Barclays plot to move staff to Dublin revealed in Brexit backlash


Barclays wants to expand its operations in DublinGETTY

Barclays wants to magnify its operations in Dublin

Reports suggest the bank’s Dublin office could be aided by up to 150 more staff — potentially doubling its local employee scurrilous of around 100 employees.

However, it remains unclear if the new additions would chance upon via local recruitment or the relocation of UK staff.

While Barclays has not commented on how various employees would be added to its Irish operations, the firm remains in powwow with the regulator over plans to use the Dublin subsidiary to continue pursuit within the EU.

But the bank did confirm its plans to use Barclays Bank Ireland as its EU hub as part of deeds to mitigate any potential disruption to business after Brexit.

In a statement, it said: “Barclays Bank Ireland, which has a banking charter and which we have operated for almost 40 years, provides a natural station and we are engaging with our regulators in discussions to extend its activities.

“While we remnants confident of continued deep inter-linkages between EU and UK financial services sells, in the absence of certainty around the timing and composition of an agreement, we intend to hold necessary steps to preserve ongoing market access for our customers.»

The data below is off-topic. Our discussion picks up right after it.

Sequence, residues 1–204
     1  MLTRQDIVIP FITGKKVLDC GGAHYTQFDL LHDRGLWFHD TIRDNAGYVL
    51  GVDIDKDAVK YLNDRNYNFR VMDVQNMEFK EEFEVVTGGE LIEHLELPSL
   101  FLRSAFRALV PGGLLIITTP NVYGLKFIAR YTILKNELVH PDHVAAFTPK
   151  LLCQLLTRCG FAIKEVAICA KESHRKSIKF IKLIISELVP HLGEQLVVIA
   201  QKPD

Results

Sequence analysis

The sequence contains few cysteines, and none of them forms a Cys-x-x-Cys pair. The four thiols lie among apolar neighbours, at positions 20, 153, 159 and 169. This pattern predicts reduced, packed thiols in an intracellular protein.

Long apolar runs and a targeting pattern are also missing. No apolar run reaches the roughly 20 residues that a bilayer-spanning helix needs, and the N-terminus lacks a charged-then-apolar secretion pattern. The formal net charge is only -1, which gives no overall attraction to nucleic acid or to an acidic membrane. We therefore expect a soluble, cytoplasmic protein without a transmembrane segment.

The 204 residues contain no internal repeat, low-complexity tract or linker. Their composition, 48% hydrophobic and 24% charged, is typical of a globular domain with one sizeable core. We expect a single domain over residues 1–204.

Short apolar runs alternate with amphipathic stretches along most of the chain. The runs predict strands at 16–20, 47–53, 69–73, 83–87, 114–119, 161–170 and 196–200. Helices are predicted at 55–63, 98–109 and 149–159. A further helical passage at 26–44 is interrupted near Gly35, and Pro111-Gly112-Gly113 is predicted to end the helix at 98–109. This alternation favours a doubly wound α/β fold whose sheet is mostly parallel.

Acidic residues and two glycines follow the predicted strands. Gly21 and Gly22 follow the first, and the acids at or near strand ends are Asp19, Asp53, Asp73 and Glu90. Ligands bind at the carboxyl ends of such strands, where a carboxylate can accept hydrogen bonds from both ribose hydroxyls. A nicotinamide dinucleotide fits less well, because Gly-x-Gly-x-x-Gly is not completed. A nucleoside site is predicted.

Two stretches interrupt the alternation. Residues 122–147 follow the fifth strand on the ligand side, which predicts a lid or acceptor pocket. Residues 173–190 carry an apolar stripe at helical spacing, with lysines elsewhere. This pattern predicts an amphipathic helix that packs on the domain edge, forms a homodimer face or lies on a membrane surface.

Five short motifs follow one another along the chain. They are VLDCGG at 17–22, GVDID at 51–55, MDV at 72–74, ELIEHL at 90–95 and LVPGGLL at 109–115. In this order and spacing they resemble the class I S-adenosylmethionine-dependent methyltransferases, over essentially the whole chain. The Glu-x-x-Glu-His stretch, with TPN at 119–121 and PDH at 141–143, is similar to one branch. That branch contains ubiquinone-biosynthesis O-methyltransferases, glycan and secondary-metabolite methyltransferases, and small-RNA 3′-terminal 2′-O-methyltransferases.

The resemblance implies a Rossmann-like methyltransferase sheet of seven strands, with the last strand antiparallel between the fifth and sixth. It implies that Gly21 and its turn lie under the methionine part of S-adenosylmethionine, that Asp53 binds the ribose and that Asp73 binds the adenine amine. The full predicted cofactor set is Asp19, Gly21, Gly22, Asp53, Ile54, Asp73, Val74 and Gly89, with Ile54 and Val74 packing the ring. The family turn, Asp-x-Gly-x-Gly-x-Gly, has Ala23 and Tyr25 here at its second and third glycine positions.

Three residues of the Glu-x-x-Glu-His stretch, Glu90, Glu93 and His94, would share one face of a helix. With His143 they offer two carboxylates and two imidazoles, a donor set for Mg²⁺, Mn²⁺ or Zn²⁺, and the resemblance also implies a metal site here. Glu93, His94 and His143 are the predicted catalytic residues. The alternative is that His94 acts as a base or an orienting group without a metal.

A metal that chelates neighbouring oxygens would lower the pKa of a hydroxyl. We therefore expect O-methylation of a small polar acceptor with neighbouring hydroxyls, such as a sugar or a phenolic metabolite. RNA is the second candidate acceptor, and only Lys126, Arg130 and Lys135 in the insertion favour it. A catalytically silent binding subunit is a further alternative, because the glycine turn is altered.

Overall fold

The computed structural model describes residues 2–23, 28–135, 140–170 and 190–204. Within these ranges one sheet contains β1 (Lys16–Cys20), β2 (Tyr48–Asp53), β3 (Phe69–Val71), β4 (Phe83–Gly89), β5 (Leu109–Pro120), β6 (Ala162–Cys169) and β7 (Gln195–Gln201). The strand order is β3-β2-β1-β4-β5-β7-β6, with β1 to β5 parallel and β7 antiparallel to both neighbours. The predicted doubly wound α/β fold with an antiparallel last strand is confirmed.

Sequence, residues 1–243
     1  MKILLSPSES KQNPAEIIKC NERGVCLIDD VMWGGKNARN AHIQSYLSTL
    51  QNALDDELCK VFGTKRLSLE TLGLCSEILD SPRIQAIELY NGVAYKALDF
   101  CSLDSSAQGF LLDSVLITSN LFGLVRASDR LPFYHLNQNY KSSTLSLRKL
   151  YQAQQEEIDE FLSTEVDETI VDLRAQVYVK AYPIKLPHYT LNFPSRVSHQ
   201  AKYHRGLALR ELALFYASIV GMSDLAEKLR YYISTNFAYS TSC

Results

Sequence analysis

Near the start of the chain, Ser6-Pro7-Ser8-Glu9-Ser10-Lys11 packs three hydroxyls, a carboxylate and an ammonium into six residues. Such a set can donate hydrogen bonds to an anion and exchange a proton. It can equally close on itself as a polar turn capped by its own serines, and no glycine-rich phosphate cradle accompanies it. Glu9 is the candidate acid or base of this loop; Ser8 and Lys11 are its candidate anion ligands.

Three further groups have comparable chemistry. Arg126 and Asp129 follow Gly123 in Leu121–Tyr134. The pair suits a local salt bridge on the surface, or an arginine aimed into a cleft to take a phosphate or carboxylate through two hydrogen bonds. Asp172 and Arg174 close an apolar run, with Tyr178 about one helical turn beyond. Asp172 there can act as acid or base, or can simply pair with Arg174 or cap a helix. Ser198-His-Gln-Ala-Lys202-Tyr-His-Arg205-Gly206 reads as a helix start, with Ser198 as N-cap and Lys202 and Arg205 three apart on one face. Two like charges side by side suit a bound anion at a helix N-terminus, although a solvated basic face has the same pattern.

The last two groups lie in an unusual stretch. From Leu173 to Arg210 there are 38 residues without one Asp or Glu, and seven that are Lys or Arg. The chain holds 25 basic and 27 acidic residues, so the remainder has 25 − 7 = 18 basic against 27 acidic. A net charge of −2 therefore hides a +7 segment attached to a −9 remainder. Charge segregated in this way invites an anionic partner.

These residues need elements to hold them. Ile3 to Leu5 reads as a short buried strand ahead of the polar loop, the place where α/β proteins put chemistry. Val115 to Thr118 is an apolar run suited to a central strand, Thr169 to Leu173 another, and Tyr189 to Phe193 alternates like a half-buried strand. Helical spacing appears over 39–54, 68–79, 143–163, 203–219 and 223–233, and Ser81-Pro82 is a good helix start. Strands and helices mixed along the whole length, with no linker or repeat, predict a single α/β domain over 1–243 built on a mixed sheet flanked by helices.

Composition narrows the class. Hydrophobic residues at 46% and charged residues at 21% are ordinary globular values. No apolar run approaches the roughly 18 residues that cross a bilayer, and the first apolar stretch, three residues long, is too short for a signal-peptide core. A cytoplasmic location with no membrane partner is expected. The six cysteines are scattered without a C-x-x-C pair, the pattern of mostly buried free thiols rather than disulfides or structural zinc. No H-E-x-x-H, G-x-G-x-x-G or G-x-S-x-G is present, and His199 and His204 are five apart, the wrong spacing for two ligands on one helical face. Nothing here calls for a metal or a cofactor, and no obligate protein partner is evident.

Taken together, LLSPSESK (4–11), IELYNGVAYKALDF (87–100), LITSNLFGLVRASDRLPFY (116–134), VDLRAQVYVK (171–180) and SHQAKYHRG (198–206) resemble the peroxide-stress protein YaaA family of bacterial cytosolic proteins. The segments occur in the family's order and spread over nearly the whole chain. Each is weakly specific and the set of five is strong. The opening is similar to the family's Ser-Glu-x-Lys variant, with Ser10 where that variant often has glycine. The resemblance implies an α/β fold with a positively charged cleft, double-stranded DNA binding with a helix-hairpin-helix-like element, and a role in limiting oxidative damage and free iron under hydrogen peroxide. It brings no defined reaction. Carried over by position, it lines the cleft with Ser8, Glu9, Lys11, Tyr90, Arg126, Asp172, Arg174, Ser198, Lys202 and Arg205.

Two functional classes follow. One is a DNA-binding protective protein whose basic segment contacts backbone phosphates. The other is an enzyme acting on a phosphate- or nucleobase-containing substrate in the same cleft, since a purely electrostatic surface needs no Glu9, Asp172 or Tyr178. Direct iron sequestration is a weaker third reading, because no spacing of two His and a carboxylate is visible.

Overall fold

Mark Carney - Bank of England GovernorGETTY

Governor Norm Carney asked banks to show how they would protect their patrons’ interests

The revelations come on deadline day for banks to submit their severe Brexit plans to the Bank of England, after Governor Mark Carney asked banks to present how they would avoid their customers being abruptly cut off in the days after Britain’s show a clean pair of heels from the EU.

Ireland’s Government Enterprise and Innovation Minister Frances Fitzgerald express Barclays’ decision to expand its presence in Dublin was «a strong vote of boldness in Ireland’s growing importance as a gateway into the single market».

IDA Ireland, which situations to attract foreign investors to the country, said Barclays’ decision countersigned Ireland’s position in Europe.

Martin Shanahan, the agency’s chief president, said: «Ireland’s access to the EU’s markets and regulatory systems has become increasingly formidable for Ireland post-Brexit.

«Companies based in the UK want to retain a foothold in the EU, and Ireland is the best location from which to do this.»

Irish PM Leo VaradkarGETTY

Irish Prime Charg daffaires Leo Varadkar met JP Morgan CEO Jamie Dimon earlier this month

Dublin seems well-placed in the race to pick up business from financial firms as they propose their post-Brexit strategies.

If financial firms based in the UK lose access to the European unattached market, they will need a subsidiary in another country within the EU to keep on offering services across Europe.

Along with Barclays, insurer Lawful & General has also expressed a desire to relocate parts of its business to the Irish matchless, alongside Standard Life.

US bank JP Morgan has also agreed to position office space in Dublin to house around 1,000 staff, track a meeting between CEO Jamie Dimon and Irish Prime Minister Leo Varadkar earlier this month.

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